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A Perfect Stranger

Friday night I went on a 12-mile training run along Bayshore Boulevard. I had made it through the toughest part--the halfway turnaround--and I was about three-quarters done with the run when some instinctive calling told me to stop and turn around, observe the sky. It was about 8:20 p.m., and an earlier storm had left behind a sky of cloud that veiled the intensity of the summer sun. And even though the sun does not set over this particular bay, the Hillsborough Bay (the shore of which faces east), the muted sun did a couple of magical things that I had to stop and take pictures of.

The first thing it did was cast a golden gleam onto the buildings of downtown Tampa. From the distance at which I stood, the buildings were not so recognizable that they were familiar; instead, the golden speckles made the downtown area look to me like a gilded city, another place entirely.

Still smiling from this encounter, I continued on my run. I was about 8.5 miles in when I decided on a whim to look up at the sky behind me. This is what I saw:

I won't say I was as emotionally overtaken as the notorious double-rainbow guy at Yosemite, but I was touched enough to get the attention of the guy running behind me and to show him the rainbow that was cutting through the clouds in the pink-tinted sky. I said, somewhat in awe, "There's a rainbow." He looked up and said, "Oh, yeah." So maybe he wasn't as moved as I was. But he did thank me before carrying on with his run. The sun went down so quickly after that, that had I not stopped him in that moment, he might not have seen the glory in the sky.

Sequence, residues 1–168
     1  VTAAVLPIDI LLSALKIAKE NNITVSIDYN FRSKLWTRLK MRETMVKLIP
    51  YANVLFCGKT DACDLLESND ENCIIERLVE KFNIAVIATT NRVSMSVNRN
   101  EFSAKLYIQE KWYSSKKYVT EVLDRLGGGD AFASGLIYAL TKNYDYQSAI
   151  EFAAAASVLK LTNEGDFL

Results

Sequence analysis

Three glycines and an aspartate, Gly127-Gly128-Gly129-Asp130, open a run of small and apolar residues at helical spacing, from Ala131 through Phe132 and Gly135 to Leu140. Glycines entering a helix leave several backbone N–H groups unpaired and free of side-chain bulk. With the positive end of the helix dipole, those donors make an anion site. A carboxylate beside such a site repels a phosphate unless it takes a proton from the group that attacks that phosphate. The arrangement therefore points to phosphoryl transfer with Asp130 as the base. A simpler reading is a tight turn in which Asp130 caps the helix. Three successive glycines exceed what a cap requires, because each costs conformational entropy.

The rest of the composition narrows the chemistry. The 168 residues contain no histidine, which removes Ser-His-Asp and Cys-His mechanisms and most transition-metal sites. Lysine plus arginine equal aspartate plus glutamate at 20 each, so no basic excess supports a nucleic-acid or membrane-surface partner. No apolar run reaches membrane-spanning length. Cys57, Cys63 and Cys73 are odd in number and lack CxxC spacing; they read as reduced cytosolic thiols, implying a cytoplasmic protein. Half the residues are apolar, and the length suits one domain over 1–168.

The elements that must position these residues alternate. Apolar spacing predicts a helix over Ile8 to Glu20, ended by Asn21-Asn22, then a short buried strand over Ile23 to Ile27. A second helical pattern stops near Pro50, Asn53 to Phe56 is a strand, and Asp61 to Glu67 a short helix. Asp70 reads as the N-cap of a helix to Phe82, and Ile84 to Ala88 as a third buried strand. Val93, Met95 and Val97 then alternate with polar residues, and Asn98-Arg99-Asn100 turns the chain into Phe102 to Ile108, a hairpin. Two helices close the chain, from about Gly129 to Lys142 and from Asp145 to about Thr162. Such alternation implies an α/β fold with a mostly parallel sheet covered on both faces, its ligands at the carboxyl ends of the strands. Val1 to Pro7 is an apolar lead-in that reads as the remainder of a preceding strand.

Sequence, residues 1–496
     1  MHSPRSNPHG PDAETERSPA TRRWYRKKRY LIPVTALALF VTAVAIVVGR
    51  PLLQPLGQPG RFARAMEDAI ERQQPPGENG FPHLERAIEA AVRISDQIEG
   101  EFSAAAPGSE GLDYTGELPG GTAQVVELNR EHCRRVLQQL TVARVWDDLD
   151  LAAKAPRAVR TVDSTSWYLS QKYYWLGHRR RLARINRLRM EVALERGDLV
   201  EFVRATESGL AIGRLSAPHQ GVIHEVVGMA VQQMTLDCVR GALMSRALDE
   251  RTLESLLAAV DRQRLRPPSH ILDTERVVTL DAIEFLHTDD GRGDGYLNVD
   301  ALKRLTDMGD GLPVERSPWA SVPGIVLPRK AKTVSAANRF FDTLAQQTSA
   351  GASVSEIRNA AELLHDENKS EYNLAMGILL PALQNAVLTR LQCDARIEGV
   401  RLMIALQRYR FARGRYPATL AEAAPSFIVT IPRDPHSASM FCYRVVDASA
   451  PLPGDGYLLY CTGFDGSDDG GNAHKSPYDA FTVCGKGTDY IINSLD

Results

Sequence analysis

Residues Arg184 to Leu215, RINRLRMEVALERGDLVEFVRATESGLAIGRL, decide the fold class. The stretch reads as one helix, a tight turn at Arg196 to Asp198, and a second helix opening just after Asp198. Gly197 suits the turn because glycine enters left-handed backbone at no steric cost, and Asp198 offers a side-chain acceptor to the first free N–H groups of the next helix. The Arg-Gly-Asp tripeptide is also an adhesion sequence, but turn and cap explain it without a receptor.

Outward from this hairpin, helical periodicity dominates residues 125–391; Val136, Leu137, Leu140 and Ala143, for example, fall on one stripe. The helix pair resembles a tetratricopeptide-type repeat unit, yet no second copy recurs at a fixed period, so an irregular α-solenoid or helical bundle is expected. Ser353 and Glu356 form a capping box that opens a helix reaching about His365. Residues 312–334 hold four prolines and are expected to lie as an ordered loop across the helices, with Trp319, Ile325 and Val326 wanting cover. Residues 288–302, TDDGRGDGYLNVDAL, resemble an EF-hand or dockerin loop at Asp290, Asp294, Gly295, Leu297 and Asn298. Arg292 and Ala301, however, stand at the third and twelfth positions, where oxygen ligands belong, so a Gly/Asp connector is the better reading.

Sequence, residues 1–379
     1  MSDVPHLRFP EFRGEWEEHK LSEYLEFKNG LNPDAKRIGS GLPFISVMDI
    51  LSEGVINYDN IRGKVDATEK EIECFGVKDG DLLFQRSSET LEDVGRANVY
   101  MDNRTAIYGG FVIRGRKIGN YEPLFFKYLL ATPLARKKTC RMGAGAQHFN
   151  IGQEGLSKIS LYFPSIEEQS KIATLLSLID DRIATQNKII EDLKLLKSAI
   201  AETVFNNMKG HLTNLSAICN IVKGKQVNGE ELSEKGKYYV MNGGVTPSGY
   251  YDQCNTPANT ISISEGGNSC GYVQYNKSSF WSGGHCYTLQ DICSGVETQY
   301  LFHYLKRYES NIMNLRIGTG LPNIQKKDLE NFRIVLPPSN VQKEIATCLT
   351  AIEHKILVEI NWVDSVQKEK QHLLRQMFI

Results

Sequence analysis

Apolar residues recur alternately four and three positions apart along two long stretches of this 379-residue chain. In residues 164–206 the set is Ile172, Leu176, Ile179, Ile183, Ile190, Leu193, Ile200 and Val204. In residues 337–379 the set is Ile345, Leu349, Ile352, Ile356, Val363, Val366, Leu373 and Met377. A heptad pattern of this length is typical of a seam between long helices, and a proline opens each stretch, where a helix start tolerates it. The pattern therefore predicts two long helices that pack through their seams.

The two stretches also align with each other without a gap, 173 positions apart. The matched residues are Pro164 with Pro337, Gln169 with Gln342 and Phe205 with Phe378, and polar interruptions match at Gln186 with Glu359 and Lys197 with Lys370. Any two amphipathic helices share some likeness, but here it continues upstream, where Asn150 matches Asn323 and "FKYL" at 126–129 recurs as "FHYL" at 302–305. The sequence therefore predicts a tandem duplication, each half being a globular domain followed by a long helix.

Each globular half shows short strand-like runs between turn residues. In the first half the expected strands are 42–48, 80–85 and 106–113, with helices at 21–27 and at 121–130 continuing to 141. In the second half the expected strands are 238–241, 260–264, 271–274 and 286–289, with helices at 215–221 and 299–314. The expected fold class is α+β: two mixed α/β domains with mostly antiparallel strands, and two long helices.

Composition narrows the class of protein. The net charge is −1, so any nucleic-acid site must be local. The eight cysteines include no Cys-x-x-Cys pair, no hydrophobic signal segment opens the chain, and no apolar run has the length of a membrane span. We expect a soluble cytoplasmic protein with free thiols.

I eventually continued back on my run, now a bit exalted from nature's impromptu slideshow. I looked up ahead and saw the same guy I had stopped, now stopped again on the sidewalk. But he wasn't doing anything--just standing there. Once I caught up to him, he turned to me and asked if he could run with me. I was a little taken aback, but the first thought I had was, maybe he did care about the rainbow! No stranger has ever asked to run with me before, and it was almost dark out, but after a slight hesitation, I told him, "Sure. If you can run as slow as I can." He asked how far I was running, and I told him just a couple more miles. We talked about running, mostly--our backgrounds in it, our goals, etc. He turned out to be a nice, harmless guy. He also alluded to his wife somewhat early on, which made me feel a bit safer. After almost two miles, I told him I was about to go off of Bayshore and onto an upcoming street, hoping that would signal our departure (friendly or not, I didn't quite want him following me home). Then he thanked me for running with him. He said he wouldn't have gone as far if it weren't for me, and that made me feel really good. I thanked him, too, for his company made those last couple miles of a long run much easier to bear. Almost as an afterthought, we exchanged names. He told me he runs a few times a week on Bayshore, and I said I'd keep an eye out for him. 

Though I started my run solo, by the end of the run I had felt the warm companionship of both nature and a fellow runner.


Runner said…
Nice post! I love those moments when a long run is brightened by nature!

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